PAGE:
The following articles have been compiled and indexed by inWORD Bible software.
Genealogies of Jesus
Two of the four gospel records — Matthew and Luke — record in detail the events of Christ’s birth. The same two give detailed genealogies.
The phrase “genealogy” or “generation(s) of...” occurs fourteen times in the whole Bible, eleven times in Genesis, twice more in the Old Testament, and finally this, as might be expected, the fourteenth time: Matthew 1:17.
The Claim of Jesus to the Throne of David
Question: The scriptures clearly state the claim of Jesus to the throne of David. This claim was through Solomon and eventually through Jehoiakim and Jeconiah. Both Jehoiakim and Jeconiah were cursed by God and told that they would have no physical descendants who would prosper on the throne of David. How can this seeming contradiction be reconciled?
Why Are There Different Genealogies For Jesus In Matthew 1 And Luke 3?
Both Matthew 1 and Luke 3 contain genealogies of Jesus. But there is one problem—they are different. Luke’s genealogy starts at Adam and goes to David. Matthew’s genealogy starts at Abraham and goes to David. When the genealogies arrive at David, they split with David’s sons: Nathan (Mary’s side?) and Solomon (Joseph’s side). There are differences of opinion with two main options being offered. The first is that one genealogy is for Mary and the other is for Joseph. It was customary to mention the genealogy through the father even though it was clearly known that it was through Mary.
Crawling Creatures on Our Tails
If you were to open your Bible and turn to the very first page of the New Testament, you would be greeted with a genealogy. Specifically, you would be greeted with the genealogy of Jesus, all the way from Abraham down to Joseph, the husband of Mary. Often people complain about all the genealogies that one finds in the Bible—you know, all the “begats” that one encounters. Such as, “So and so lived so many years and begat so and so, who lived so many years and begat so and so, etc...” And so goes what many people would often call the boring parts of the Bible.
Laws Concerning King Messiah: The New Era Ushered In
In the era of the Messianic King, when his kingdom will be established and all of Israel will gather around him, all of them will have their pedigree determined by him, by means of the Holy Spirit that will rest upon him, as it is said, “He will sit as a refiner and purifier.” First he will purify the descendants of Levi, saying “This one is a legitimate Kohen (priest), and this one is a legitimate Levite,” while diverting those of improper lineage to the [rank of] Israelites. Thus it is said, “The governor [Nehemiah] said to them… until there will rise a Kohen with the Urim and Tumim;” from this you can infer that the determination of presumed pedigree and the public declaration of lineage is by means of the Holy Spirit.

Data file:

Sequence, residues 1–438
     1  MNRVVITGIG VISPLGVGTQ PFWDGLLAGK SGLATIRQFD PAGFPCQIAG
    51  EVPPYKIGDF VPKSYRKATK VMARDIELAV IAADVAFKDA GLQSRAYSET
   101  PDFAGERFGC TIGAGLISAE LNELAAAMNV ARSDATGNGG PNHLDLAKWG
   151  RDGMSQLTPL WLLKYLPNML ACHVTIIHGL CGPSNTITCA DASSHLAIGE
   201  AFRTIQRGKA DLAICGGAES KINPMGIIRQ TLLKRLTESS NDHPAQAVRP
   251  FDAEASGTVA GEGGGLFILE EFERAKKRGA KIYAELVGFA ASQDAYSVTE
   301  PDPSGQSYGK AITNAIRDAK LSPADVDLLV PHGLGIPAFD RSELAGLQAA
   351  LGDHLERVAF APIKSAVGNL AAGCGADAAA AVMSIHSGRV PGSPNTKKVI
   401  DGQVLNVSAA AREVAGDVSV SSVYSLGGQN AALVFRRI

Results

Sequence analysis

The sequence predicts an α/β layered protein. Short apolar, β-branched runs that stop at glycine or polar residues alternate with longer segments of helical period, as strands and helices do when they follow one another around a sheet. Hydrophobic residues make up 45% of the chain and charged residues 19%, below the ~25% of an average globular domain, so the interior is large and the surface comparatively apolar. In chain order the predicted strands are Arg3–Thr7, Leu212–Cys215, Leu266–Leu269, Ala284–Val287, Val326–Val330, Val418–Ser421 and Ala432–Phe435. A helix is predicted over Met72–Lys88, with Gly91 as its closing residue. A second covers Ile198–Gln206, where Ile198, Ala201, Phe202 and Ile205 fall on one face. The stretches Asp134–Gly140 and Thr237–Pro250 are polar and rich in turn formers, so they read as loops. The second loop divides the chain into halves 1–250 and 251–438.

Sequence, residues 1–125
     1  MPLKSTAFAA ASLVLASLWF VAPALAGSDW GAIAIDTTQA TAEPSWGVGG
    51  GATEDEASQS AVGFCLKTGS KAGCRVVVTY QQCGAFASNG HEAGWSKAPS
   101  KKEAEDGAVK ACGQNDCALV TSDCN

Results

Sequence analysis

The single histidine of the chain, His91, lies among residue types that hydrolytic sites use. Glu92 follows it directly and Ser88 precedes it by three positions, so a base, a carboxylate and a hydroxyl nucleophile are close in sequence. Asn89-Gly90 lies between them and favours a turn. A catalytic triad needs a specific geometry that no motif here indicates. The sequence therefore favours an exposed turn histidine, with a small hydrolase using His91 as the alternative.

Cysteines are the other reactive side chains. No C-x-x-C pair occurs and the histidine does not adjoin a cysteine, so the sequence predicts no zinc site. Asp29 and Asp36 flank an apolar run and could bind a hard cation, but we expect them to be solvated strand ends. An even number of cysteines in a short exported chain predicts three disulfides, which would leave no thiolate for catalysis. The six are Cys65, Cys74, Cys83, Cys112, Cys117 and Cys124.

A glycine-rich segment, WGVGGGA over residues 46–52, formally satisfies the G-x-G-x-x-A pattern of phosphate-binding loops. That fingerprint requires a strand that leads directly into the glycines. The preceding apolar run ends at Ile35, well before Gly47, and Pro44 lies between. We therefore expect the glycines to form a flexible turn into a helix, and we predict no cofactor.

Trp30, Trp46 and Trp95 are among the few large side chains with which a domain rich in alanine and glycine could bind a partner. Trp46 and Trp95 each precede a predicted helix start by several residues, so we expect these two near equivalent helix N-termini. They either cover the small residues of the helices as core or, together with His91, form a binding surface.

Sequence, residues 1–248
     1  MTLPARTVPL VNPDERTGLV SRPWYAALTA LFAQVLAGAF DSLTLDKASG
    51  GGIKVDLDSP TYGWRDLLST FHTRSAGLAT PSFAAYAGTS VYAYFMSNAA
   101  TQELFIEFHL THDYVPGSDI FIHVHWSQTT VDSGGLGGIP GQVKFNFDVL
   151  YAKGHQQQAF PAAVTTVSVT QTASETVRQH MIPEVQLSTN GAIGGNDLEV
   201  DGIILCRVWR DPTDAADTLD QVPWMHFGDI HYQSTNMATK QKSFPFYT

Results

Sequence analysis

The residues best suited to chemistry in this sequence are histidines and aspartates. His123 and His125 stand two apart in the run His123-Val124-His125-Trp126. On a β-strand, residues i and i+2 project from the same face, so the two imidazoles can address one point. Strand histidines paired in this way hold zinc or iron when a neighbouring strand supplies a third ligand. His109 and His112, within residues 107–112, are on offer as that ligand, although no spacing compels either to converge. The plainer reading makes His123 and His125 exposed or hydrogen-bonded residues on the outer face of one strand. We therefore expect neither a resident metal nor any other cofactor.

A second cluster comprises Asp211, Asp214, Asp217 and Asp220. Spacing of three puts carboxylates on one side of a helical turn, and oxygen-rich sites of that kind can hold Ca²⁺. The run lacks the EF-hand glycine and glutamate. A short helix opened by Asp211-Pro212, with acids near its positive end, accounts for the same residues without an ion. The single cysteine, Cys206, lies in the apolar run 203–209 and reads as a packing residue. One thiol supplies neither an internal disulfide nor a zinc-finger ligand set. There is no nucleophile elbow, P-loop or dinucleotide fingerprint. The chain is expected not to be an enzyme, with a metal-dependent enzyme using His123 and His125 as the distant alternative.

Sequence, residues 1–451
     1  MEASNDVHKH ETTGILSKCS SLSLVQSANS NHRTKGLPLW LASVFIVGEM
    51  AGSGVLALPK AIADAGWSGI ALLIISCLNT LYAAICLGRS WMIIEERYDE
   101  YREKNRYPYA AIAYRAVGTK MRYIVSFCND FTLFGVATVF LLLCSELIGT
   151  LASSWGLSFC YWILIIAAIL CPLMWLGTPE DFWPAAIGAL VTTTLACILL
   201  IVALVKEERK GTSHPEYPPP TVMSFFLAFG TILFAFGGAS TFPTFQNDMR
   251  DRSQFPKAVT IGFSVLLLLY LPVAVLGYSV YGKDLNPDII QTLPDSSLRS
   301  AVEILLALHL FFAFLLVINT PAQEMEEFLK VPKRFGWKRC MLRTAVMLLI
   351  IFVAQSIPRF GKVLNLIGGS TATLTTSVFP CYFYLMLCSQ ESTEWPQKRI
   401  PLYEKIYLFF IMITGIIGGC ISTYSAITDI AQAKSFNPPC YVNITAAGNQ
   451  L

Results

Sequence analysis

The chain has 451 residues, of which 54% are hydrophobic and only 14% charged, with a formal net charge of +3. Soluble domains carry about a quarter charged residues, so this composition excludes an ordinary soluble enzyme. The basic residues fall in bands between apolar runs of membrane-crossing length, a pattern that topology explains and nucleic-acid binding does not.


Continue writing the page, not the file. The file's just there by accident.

Some Difficult Passages: The Genealogies of Matthew and Luke
The genealogy of Matthew 1 poses a number of problems. Before attempting to resolve some of these problems — before even stating them — let us remind ourselves of the simple facts.
Vayeishev — The Scandal of Judah and Tamar
In Parshas Vayeishev we encounter the difficult story of Judah and Tamar. The verses (Genesis 38:15-16) state:
From Zerubbabel to Jesus
The list of Zerubbabel’s posterity in 1 Chronicles 3:19-24 is somewhat confused. Perhaps its statements may be harmonized with themselves and with the New Testament genealogies, if the entire passage read thus:
Was the Mother of Jesus of the Tribe of Levi?
A Monmouthshire [U.K.] lady reader takes exception to the statement of our colleague in the March, 1947, Testimony, page 92, that “Luke traces the genealogy of Jesus by the line of his mother,” and asks, “Where is Mary’s name mentioned?”
The Seed of David
“The generations of Jesus Christ, the Son of David, the Son of Abraham.”
The Genealogies of Jesus
With the exception of the period from Abraham to David, the two long lists of names giving the ancestry of Jesus are almost entirely different, and therefore apart from a few general principles it will be necessary to consider the details of Matthew 1 and Luke 3 separately.
Purpose of the Three Triads of Fourteen Generations
“…fourteen generations …fourteen generations …fourteen generations.” (Matthew 1:17)
The Chronology of Jesus
The leading chronological questions connected with the life of Jesus are discussed in detail elsewhere (CHRONOLOGY OF THE NEW TESTAMENT; QUIRINIUS, etc.); here it is sufficient to indicate the general scheme of dating adopted in the present article, and some of the grounds on which it is preferred. The chief questions relate to the dates of the birth and baptism of Jesus, the duration of the ministry and the date of the crucifixion.
Genealogy from Abraham to Jesus (17th c. etching)
Genealogy from Abraham to Jesus
Genealogy from Adam to Christ
Genealogy of Jesus (ca. 1531, Ottheinrich Bible)
The Tree of Jesse (illuminated page)
Genealogy of Jesus
The New Testament provides two accounts of the genealogy of Jesus, one in the Gospel of Matthew and another in the Gospel of Luke. Matthew’s starts with Abraham, while Luke begins with Adam. The lists are identical between Abraham and David, but differ radically from that point. Traditional Christian scholars (starting with the historian Eusebius) have put forward various theories that seek to explain why the lineages are so different, such as that Matthew’s account follows the lineage of Joseph, while Luke’s follows the lineage of Mary. Modern biblical scholars such as Marcus J. Borg and John Dominic Crossan see both genealogies as inventions, conforming to Jewish literary convention.